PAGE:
State Sen. Dan Clodfelter, a Charlotte Democrat who has supported many tax breaks over the years, immediately understood who would be helped by the new legislation. Cutting taxes for higher-income people at a time of teacher layoffs and other cutbacks to state services strikes him as misguided.

He pointed out on the Senate floor during the tax break’s passage that he and the other roughly 175 partners at his law firm, Moore & Van Allen, would receive the tax break, and that cost alone would have kept open Mecklenburg County’s drug court, which diverts nonviolent felons with drug habits into treatment instead of prison.

“I appreciate the benefit,” he told his colleagues, “but budgets are about choices and those choices have moral implications and not just economic ones.”

Republican leaders who are aware that the tax break goes to owners of bigger businesses say they don’t have a problem with it. They cited a UNC-Chapel Hill study that pegged the annual cost at $336 million but predicted the tax break would serve as an economic stimulus that will create more than 1,100 jobs in the current fiscal year, which ends June 30, and 2,800 more jobs the following fiscal year. The tax break’s cost in the current fiscal year is estimated to be $132 million.

“It’s designed to put money back into the economy,” said state Sen. Bob Rucho, a Matthews Republican and a Finance Committee co-chairman. “It’s somebody buying a computer, somebody buying something so that money is churning around and not sitting in the government coffers.”

But the UNC study did not consider the flip side of the picture. Taking money from government, particularly last year, led to layoffs and less money spent on a variety of goods and services that government purchases from the private sector.

Some argue the government is more likely to circulate those dollars than business owners and partners who are collecting it in $3,500 chunks.

Alexandra Forter Sirota, director of the N.C. Budget & Tax Center, a nonprofit that advocates for low-income residents, said that tax break is too small to put toward hiring more people or make a major investment to make the business more productive. More likely, she said, is many recipients will park the tax break in a bank account where it will have little impact on the economy.

“It is very much subsidizing the wealth building for wealthier folks,” she said.

A welcome surprise

Beyond the legislature, it is difficult to find champions for the tax break. Representatives for doctors’ and lawyers’ associations said they didn’t ask for it and knew nothing about it until it had passed.

Gregg Thompson, the leader of the North Carolina chapter of the National Federation of Independent Business, which represents small businesses, said his group did not ask for it either, and his organization could not find members who knew enough about it to speak to a reporter. The federation had sought cuts in the personal and corporate income tax rates.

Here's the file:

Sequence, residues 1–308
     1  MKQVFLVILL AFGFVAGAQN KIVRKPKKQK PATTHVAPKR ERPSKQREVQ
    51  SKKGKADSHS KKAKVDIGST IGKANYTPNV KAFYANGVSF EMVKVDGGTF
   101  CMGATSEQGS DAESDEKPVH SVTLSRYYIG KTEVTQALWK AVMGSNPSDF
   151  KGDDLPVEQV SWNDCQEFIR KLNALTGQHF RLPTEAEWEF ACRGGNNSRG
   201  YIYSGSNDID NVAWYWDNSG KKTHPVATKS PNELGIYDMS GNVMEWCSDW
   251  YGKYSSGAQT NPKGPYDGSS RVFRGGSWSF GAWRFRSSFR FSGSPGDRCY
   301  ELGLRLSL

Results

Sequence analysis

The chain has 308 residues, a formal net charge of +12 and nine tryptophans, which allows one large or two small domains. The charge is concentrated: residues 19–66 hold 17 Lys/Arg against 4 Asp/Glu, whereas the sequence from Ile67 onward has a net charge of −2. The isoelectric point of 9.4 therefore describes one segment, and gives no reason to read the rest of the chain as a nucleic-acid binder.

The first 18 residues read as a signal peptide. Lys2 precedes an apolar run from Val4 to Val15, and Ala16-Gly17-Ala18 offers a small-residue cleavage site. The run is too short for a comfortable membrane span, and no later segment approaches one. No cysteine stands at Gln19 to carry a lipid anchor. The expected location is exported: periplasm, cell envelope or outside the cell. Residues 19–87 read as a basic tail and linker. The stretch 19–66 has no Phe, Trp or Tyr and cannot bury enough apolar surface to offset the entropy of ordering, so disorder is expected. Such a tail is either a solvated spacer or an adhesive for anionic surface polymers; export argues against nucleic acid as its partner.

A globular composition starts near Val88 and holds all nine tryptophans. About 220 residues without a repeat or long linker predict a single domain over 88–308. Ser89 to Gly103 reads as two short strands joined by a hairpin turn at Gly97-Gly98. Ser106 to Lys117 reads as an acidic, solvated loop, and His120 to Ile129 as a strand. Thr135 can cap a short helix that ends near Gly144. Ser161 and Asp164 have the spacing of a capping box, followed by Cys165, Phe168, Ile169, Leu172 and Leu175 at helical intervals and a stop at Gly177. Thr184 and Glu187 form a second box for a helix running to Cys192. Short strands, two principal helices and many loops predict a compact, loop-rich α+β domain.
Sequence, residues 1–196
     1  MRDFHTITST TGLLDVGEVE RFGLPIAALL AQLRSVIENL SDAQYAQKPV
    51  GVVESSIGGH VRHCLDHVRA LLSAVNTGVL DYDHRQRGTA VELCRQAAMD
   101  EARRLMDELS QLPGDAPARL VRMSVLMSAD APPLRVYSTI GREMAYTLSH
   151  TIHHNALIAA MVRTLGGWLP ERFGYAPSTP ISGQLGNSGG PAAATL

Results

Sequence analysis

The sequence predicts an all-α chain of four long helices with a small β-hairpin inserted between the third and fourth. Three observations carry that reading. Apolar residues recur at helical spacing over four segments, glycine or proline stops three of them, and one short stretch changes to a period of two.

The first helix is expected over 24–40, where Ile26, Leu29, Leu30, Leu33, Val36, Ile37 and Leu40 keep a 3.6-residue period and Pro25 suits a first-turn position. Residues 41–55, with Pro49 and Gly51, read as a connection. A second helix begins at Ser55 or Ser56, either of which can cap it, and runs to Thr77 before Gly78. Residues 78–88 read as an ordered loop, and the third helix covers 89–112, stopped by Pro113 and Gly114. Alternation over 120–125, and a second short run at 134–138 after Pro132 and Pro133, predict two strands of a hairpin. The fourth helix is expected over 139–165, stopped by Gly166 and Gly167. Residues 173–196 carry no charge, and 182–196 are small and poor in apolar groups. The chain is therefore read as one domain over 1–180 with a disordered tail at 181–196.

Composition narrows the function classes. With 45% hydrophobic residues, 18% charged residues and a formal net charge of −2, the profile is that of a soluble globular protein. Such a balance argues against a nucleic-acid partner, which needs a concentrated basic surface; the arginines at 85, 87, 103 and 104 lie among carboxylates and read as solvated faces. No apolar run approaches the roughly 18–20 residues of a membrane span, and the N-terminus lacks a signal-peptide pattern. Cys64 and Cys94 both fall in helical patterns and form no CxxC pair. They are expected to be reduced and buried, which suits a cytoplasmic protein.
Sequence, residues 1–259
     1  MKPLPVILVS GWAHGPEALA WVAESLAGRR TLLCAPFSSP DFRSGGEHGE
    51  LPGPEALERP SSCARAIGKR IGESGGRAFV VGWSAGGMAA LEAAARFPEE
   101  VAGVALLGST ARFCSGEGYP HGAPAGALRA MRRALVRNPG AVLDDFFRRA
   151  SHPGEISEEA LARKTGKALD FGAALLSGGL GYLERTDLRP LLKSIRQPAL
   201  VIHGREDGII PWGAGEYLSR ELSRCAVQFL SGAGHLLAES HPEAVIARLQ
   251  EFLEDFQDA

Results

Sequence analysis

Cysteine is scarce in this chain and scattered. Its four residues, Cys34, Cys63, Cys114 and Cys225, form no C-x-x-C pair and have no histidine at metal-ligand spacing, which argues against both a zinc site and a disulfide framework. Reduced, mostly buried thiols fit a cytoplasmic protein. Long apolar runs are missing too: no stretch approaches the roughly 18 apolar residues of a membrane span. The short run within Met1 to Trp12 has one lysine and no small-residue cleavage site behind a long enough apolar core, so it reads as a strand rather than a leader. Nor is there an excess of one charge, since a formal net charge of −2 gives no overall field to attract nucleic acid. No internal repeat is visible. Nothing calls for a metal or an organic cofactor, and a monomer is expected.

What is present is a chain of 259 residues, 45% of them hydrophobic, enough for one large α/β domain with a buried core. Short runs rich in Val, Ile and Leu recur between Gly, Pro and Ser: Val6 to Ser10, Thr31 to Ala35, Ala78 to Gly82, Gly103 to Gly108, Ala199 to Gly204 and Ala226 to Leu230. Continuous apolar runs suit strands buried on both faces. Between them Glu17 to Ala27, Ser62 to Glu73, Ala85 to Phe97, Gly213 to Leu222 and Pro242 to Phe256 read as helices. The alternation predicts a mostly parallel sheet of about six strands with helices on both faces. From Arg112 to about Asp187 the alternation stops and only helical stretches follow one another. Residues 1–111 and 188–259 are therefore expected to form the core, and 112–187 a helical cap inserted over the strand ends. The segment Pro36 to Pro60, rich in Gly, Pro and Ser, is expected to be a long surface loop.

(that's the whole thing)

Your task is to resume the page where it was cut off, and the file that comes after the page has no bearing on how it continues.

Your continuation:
“We certainly understood the size of the (budget) deficit and we also understood that a tax cut would cost a lot at that time,” said Thompson, a former state representative from Mitchell County. “I did not know that they were going to come up with that ($3,500) break, but again, we were grateful for that for small business.”

Gov. Bev Perdue, a New Bern Democrat, vetoed the budget, a veto overridden by lawmakers, but through a spokeswoman last year generally praised Republican tax proposals. Efforts to reach her about the $336 million tax cut failed.

Perdue had sought a corporate tax cut in her budget proposal last year, an idea Republican leaders rejected because they thought it would have little economic impact. More than two-thirds of corporations pay no state income tax because it is a tax on profits.

Republican leaders say they will revisit the tax break in future years if it does not produce the projected job growth. But they are already downplaying expectations of strong economic growth.

State Sen. Eric Mansfield, a Fayetteville Democrat, will receive the tax break because he is a partner in a doctors’ practice. He said if the proposed cap had been in place, he would not have qualified.

Mansfield had filed legislation providing a tax break for small businesses that allowed them to be treated no differently than a typical corporation when it came to tax burdens. His bill defined small businesses as those with no more than $850,000 in revenue so that it would benefit “mom and pop” operations.

Legislative fiscal staff told him that cap would allow roughly 75 percent of the state’s businesses to qualify.

Mansfield, who recently lost a bid for lieutenant governor, said he doesn’t support helping wealthy business owners at a time of teacher layoffs. He filed three other bills attempting to kill tax breaks benefiting filmmakers, cigarette producers, and beer and tobacco distributors to help find money for schools in a tight budget year.

“Instead of us battling over what gets cut, maybe we should fix our tax code, and maybe we wouldn’t have to battle so much over what gets cut,” he said.

None of his bills were taken up. Legislative leaders say they aren’t planning on scrutinizing tax breaks until next year’s long session, which comes after the November election.

Kane: 919-829-4861